Authors Avery and Singer say warming not caused by humans but by 1,500 year cycle

As leadership of Congress shifts, the discussion and push for legislation on climate change is also expected to change. During today's OnPoint, Dennis Avery and Fred Singer, co-authors of the new book, "Unstoppable Global Warming: Every 1,500 Years," discuss why they think Democratic leadership will not produce much change on the climate front. Avery and Singer explain why they believe humans are not causing climate change and give their thoughts on the recent British government sponsored climate change report written by Nicholas Stern.


Monica Trauzzi: Welcome to OnPoint. I'm Monica Trauzzi. Joining me today are Dennis Avery, an economist and senior fellow at the Hudson Institute, and Fred Singer, a climate physicist. Dennis and Fred are also co-authors of the new book "Unstoppable Global Warming: Every 1,500 Years." Gentlemen, thanks for joining me.

Dennis Avery: Our pleasure.

Monica Trauzzi: Fred, the Democrats have taken both the House and the Senate. And Senator Jim Inhofe is the chair, the current chair of the Senate EPW Committee. He's also one of the most vocal global warming skeptics in Congress. Now that the tides are turning and the Democrats are going to be in power and he's not going to have quite the same role at Senate EPW, what do you think that's going to mean for climate change legislation?

Fred Singer: I don't think there'll be very much difference. After all, don't forget that the Senate voted unanimously at one time against anything like the Kyoto Protocol. I think the vote was 95 to nothing. And many of the current senators, like Barbara Boxer, was there at the time.

Dennis Avery: None of the countries that signed Kyoto are living up to its terms, even with a 5 percent reduction.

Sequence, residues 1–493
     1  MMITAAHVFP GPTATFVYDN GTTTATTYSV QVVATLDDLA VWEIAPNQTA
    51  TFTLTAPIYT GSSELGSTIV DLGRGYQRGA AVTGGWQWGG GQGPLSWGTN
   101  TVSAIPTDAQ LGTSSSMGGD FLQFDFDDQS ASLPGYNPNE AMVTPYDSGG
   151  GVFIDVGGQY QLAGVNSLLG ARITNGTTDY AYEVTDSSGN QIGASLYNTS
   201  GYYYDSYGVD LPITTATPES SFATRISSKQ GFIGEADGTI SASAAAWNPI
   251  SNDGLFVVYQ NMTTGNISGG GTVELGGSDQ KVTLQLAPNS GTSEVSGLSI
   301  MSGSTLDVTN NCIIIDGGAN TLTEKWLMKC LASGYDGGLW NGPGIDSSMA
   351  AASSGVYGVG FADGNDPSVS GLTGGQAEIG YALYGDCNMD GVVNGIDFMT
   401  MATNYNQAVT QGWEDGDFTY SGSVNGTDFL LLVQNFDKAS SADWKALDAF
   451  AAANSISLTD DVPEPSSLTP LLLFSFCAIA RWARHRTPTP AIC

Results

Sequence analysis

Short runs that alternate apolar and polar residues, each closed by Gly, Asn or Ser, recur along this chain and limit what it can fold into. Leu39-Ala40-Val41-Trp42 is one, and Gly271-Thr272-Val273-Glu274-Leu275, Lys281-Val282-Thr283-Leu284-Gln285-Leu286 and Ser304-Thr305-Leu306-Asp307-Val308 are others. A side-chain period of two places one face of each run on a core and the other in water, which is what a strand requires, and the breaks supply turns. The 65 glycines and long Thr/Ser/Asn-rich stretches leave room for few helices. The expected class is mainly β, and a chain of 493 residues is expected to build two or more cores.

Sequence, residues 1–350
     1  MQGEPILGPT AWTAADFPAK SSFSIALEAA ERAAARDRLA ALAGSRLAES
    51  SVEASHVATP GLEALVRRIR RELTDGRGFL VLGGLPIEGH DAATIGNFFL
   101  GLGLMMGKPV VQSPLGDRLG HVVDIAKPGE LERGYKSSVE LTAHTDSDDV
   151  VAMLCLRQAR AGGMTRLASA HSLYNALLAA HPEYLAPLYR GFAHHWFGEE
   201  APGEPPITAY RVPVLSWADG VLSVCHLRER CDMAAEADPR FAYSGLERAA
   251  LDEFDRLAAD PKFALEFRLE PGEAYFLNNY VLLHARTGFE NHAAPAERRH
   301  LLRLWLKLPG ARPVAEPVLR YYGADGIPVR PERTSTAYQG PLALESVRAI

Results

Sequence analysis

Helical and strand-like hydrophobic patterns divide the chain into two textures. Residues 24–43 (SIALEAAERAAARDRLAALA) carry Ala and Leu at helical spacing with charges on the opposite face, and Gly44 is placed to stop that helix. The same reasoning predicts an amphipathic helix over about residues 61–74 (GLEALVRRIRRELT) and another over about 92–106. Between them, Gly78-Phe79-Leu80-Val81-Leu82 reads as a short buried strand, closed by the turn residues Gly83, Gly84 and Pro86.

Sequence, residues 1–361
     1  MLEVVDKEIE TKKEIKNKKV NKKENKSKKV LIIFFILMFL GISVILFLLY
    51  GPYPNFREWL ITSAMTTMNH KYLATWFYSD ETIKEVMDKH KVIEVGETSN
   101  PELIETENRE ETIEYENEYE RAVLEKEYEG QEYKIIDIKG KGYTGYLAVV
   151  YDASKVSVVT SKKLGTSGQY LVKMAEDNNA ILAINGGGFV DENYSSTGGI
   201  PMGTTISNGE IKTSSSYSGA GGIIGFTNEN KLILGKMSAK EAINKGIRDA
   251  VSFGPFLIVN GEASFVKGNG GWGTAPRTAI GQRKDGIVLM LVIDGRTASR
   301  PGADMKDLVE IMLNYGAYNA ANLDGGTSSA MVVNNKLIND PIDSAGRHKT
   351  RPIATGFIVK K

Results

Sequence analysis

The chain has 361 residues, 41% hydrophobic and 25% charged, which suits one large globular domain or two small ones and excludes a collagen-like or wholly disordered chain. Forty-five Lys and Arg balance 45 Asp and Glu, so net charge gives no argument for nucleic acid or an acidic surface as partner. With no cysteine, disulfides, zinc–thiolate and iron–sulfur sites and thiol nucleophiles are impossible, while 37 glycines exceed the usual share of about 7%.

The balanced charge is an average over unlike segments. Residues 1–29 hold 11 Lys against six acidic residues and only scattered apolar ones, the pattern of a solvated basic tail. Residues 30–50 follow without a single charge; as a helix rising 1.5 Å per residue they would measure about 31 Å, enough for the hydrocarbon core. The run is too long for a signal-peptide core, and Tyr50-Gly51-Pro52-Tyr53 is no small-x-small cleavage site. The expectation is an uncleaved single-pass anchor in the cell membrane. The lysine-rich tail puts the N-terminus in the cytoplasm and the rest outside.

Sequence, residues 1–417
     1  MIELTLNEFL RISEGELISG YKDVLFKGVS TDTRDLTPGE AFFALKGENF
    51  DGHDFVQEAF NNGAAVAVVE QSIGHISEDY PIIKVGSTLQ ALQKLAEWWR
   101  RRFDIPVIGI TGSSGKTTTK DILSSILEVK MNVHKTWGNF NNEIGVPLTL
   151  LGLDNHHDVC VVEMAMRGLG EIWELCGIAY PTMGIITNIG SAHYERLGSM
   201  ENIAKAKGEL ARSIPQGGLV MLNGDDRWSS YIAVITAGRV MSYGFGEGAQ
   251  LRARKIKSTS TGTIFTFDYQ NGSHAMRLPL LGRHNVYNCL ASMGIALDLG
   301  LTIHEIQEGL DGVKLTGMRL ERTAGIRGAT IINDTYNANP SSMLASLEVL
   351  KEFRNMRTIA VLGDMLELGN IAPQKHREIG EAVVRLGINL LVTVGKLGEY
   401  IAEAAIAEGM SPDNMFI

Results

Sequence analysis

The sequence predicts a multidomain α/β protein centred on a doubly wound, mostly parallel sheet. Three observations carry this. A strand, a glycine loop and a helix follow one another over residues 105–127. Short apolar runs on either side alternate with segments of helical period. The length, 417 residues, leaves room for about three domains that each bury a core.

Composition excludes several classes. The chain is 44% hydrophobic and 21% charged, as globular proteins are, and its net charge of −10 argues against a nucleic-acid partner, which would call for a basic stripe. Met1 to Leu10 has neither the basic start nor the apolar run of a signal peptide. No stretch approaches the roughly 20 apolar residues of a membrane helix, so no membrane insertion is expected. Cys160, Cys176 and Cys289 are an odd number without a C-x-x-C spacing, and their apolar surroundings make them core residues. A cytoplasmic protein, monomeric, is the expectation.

Monica Trauzzi: OK, but Barbara Boxer actually just announced that she'd like to take Californian's lead and promote climate change legislation that takes some of the ideas that California has implemented. How do you respond to that?

Fred Singer: Good luck.

Dennis Avery: We're not politicians --

Monica Trauzzi: Is it not doable?

Fred Singer: Yes, if you want to institute high taxes on energy, on gasoline particularly. Let's see how far they get.

Dennis Avery: Well, let's focus on what the book says, in fact, on what the physical evidence around the world says. The alternative explanation for the modern warming is a natural cycle 1,500 years long. It goes back a million years. Modern man may have added a tenth of a degree Celsius, but we're only adding 3 percent to the natural carbon flow.

Monica Trauzzi: So should we not have climate change legislation at all?

Dennis Avery: We're going to have climate change whether we have legislation or not. We've had a constant warming and cooling of the planet for a million years. It's moderate --

Fred Singer: I mean the idea that legislation can control the climate, I think just makes no sense.

Monica Trauzzi: But what about fossil fuels? Don't they contribute to climate change?